As a result, patients may have gone as long as 25 minutes without being checked, and "had the cameras been fixed and monitored as required ... it is possible that an employee may have seen the patient (Dash) ... and possibly been able to intervene," the report said.
His family's claim revealed another act by VA that they believe contributed to his death -- that could even have been the trigger for his suicide.

On March 7, 2019, after the car accident, family death and losing his job, Dash received a notice from the VA that said he was overpaid nearly $20,000 in separation pay and his disability payments would be withheld to pay it back, the claim says. Dash had a 50% disability rating for his PTSD and depression after deployments to Iraq in 2007 and 2009. He had attempted suicide in 2016 and did so again, four days later, on March 11, 2019.

"This 'important notice' was the proverbial straw that broke the camel's back and sent Brieux into a downward spiral of depression, anxiety, emotional distress and fragility," the claim reads, arguing the notice from VA may have triggered his second suicide attempt.

After Dash tried to hang himself on March 11, his wife called emergency responders who took him to the VA where she worked as a pharmacy technician. Bertling says this is part of what makes the case unique.

"She knew the people who treated him," he said. "She had previously been on the ward where he (died by suicide) as part of her work duties. Since she buried Brieux, she has never been able to return to work. When Brieux attempted suicide at home, Emma believed the best place he could be taken for treatment was the West Palm Beach VA. She specifically asked the officer to take Brieux to VA instead of another location. She now regrets that decision. She wants answers to what went wrong and how to prevent this type of tragedy from happening again."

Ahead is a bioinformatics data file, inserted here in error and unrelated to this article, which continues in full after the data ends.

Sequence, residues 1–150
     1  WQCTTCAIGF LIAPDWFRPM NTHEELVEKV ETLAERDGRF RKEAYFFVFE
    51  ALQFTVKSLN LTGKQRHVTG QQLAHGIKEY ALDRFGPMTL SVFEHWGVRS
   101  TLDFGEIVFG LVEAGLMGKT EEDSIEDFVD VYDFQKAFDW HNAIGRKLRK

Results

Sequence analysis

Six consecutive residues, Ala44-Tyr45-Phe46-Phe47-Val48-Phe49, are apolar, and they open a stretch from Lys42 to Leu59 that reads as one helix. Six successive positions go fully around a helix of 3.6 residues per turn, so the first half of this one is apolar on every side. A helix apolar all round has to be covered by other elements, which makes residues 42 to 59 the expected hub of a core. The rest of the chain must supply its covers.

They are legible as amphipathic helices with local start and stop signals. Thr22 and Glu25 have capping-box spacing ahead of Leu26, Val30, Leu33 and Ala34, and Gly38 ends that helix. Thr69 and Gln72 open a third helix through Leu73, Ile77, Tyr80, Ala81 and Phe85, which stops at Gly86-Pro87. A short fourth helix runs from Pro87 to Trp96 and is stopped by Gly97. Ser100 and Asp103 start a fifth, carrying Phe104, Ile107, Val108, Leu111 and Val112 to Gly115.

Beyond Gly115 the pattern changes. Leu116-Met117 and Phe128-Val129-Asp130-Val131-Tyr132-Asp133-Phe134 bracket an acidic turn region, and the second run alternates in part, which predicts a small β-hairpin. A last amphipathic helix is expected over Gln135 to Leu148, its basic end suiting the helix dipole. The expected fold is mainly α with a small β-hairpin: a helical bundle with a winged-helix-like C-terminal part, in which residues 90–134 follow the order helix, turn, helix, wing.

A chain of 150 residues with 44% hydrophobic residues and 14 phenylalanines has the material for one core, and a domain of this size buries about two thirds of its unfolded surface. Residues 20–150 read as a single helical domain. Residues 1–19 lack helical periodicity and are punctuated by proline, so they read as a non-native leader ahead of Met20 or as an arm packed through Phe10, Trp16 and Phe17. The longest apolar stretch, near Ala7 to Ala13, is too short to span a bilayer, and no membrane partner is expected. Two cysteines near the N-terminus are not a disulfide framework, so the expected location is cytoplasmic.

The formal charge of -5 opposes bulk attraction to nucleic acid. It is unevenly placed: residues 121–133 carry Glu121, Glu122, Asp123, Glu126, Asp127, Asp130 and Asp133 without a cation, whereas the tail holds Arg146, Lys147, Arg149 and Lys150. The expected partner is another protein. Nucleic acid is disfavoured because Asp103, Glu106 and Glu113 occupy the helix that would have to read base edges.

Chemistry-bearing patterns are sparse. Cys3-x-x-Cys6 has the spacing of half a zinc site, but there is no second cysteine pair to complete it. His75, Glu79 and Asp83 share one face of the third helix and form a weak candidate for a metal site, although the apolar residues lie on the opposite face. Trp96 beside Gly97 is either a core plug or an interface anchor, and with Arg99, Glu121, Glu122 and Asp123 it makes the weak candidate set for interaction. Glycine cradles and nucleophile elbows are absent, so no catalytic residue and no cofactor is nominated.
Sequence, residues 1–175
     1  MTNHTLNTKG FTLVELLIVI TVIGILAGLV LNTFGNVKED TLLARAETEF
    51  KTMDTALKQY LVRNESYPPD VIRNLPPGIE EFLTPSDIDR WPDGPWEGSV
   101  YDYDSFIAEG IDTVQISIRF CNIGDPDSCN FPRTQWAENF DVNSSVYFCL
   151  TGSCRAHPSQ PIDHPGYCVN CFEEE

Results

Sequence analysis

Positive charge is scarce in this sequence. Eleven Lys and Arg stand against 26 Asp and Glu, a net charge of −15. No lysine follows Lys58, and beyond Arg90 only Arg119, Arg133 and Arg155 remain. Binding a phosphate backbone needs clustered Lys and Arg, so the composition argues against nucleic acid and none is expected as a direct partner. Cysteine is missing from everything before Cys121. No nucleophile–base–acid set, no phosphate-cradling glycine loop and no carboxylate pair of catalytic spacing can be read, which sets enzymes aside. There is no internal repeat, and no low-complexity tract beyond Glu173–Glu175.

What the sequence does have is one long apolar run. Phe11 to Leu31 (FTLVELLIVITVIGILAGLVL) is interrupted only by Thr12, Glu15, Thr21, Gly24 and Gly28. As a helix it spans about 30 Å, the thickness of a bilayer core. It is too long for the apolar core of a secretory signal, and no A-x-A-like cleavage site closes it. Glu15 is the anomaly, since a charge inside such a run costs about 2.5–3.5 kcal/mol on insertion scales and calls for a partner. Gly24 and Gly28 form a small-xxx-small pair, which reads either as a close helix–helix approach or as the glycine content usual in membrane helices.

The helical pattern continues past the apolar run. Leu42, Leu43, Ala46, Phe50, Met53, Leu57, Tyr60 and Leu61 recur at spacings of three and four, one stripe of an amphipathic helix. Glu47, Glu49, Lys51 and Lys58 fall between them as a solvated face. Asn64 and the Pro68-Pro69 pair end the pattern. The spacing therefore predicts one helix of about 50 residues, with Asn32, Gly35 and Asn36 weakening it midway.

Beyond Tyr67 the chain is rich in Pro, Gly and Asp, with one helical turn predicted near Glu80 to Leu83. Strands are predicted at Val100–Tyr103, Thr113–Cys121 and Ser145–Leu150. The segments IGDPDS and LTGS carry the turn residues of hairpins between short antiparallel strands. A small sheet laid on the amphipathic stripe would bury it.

Once at the West Palm Beach VA, Dash was admitted to the 25-bed, high-intensity locked mental health unit, "red flagged" as a high suicide risk. During the days of his stay, Dash was cooperative, social, sleeping and eating well and agreed to take prescribed anti-depressants, the IG report said. He was eventually classified as "low-risk" for suicide.

But on the fourth day of his stay, when his discharge was delayed, Dash became agitated. He yelled that he wanted to go home. He isolated himself behind the closed door of room 235-1 and eventually hung himself on March 14, 2019, the family's claim reads. No one at VA had recognized or addressed the known safety risk posed by the hallway doors.

Safety and law enforcement cameras at the unit hadn't worked for "at least three years," the report revealed.